So my question to you is twofold. One, how are you going to regenerate that trust among the public and among the survivors that your secretariat is independent and operating at arm's length? And two, what are you going to do about the damage control?
    Perhaps you could tell me what your plans are to address those issues.
Ms. Aideen Nabigon:
     With regard to the independence of the secretariat, because we are in a transition stage at this point and don't have our own funding yet, we depend on the department for corporate services, but it's very much at a working technical level.
     They don't interfere at all in our policies or in the work we're doing to move forward. They're providing corporate services such as procurement services and HR services, but only, hopefully, until we get our money on April 1. The issue of independence really hasn't come up.

  (1055)  

Ms. Jean Crowder:
    I think there are some optics around it, though--
    Ms. Aideen Nabigon: Yes, I agree.
    Ms. Jean Crowder: --and I think that's the piece you're going to have to deal with, because just saying, “trust me, we're independent”, isn't going to work for people.
Ms. Aideen Nabigon:
    Right. But after April 1 we'll have cut that relationship and we'll be getting our corporate services elsewhere.
Ms. Jean Crowder:
    And what about the--
The Chair:
    That's it. I'm sorry, Ms. Crowder.
    We're going to go back to Mr. Payne for one minute and finish up this round.
    Mr. Payne.

[Translation]

Mr. LaVar Payne:
    Thank you, Mr. Chairman.

[English]

    You did talk about the secretariat. I'd just like to ask you a question around how far along you are in completing the work on the secretariat. When might it be completed?
Ms. Aideen Nabigon:
    As you can imagine, a lot of the work we've been doing over the past five or six months that I've been there is just standing up the secretariat as a federal government department. We had to make sure to get our Treasury Board submission done and approved. We've done an organization chart so that we can start hiring staff. That's currently being approved by the Public Service Commission. We've entered into an MOU with the Canadian Human Rights Commission to provide us with corporate services after April 1.
    Really, we're getting to that point where we have a strong foundation in place for the secretariat as a functional department to support the commission when it comes on board. As I mentioned, we've been developing the policies and the initiatives for moving forward on the mandate activities to the extent that we can, implementing schedule N, but being careful not to commit a future chair to a direction that he or she may not want to go in.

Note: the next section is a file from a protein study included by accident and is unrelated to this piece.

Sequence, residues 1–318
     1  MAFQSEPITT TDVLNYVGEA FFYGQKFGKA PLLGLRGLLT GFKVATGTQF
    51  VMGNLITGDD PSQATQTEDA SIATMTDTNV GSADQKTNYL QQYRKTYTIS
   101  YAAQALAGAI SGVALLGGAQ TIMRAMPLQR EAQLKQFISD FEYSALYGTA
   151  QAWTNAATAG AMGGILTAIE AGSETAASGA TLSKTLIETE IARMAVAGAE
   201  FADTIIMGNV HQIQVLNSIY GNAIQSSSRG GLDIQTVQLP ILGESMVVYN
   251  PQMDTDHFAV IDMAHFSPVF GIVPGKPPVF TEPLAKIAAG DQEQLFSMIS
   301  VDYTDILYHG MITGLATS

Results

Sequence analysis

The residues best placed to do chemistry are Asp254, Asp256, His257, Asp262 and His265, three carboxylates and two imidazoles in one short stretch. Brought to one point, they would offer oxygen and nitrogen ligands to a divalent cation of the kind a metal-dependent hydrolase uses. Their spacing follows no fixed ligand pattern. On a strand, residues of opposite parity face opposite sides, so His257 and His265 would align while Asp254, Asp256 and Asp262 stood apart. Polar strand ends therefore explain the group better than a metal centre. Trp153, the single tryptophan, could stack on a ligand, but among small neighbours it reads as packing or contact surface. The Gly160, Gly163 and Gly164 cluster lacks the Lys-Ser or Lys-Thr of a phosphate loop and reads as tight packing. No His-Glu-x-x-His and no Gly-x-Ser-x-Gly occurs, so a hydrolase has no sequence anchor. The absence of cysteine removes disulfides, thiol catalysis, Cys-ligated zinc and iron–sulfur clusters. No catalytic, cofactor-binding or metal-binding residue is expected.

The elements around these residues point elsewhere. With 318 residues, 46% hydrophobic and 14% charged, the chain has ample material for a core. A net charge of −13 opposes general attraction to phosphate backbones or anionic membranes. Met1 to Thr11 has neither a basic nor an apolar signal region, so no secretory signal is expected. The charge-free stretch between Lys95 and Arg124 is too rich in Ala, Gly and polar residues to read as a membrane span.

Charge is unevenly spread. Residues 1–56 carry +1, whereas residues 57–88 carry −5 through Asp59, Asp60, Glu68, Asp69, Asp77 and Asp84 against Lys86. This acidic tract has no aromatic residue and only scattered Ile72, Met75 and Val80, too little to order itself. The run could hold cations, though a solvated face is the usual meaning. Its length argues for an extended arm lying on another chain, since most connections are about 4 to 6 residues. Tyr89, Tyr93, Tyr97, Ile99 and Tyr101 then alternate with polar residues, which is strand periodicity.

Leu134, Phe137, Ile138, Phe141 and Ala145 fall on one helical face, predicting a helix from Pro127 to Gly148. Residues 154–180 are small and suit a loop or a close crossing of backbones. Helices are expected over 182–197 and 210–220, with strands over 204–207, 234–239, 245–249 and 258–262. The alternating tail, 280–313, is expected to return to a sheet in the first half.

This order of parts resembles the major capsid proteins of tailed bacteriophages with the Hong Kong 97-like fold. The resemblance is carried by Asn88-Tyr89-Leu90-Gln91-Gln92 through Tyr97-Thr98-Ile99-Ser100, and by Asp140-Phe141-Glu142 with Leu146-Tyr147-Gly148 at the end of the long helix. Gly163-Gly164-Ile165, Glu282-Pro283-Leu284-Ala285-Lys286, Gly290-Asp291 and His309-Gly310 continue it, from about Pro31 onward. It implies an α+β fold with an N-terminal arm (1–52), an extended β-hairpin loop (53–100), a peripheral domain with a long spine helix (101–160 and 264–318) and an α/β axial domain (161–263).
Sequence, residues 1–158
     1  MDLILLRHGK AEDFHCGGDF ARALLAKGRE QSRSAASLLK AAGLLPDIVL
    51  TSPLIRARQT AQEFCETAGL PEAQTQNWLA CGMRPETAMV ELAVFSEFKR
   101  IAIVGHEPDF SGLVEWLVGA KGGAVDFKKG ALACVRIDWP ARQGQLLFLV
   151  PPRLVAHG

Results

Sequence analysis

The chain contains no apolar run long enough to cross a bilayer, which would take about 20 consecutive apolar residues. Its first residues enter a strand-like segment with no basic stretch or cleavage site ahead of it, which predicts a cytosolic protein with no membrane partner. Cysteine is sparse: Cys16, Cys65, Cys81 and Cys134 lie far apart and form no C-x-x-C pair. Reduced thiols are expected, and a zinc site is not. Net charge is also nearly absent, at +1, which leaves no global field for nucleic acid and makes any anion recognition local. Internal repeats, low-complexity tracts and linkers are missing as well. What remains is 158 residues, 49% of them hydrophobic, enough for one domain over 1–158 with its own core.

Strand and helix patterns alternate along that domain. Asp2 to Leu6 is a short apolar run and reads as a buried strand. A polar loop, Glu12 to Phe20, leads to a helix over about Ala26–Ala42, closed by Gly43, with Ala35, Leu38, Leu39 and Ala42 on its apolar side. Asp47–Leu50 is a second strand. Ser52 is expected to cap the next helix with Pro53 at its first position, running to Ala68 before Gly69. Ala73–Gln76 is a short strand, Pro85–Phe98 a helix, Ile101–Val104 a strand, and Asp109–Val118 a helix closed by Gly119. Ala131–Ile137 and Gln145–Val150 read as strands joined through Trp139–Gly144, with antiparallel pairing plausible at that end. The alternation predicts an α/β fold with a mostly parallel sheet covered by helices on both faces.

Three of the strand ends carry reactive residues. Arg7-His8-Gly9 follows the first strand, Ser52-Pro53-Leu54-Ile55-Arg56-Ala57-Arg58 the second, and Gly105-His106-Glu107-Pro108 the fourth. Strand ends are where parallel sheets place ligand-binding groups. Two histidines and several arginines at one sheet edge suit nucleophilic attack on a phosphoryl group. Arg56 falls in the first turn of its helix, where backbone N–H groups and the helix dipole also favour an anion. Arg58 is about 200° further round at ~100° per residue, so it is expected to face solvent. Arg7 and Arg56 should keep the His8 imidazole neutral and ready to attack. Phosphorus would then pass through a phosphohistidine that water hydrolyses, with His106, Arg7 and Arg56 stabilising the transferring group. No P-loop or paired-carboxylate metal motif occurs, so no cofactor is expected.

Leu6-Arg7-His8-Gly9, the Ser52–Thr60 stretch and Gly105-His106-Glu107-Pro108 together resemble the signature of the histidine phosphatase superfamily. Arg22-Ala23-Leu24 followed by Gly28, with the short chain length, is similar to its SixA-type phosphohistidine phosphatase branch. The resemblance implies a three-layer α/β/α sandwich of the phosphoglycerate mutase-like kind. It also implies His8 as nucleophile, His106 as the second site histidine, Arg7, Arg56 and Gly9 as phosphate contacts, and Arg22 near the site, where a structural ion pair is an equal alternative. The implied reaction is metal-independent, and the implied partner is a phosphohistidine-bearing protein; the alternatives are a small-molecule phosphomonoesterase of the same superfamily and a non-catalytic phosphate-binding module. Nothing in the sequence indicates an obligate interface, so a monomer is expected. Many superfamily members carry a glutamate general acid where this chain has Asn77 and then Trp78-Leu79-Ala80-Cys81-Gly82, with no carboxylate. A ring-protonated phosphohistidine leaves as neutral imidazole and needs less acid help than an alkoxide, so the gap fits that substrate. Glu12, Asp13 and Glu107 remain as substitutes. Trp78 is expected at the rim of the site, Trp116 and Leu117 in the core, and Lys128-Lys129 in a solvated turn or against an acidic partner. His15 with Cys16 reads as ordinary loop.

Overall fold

The Chair:
    That will conclude it.

[Translation]

    Thank you, Ms. Nabigon. We appreciated your presentation.

[English]

    Thank you to all members as well. You don't need to hear this from me, but I must say that I thought all of the questions today were thoughtful, precise, and very well done.
    There's just one item to follow up on before we adjourn. To follow up on our last meeting, the question came out in regard to the circulation of CVs for the notices of appointment that you will be circulated on automatically. This can be done on request now. You should be reminded that the Standing Orders provide 30 sitting days for time to consider those questions, but in accordance with the Standing Orders, they will and can be circulated to you on request. We'll get those out to you. That was the one item we had left over from the last meeting.
    Madam Crowder.
Ms. Jean Crowder:
    This room is ridiculously small.
The Chair:
    I agree.
Ms. Jean Crowder:
    I really urge us to find a room that accommodates the staff, the witnesses and their staff, and other people who want to sit in.
The Chair:
    Yes, there's no question about it. You may know that the Promenade Building is being renovated right now, so we are under some constraints that way, but I mentioned this to the clerk. We'll endeavour to make sure that we have proper quarters for our meetings.
    Thank you very much, ladies and gentlemen. The meeting is adjourned.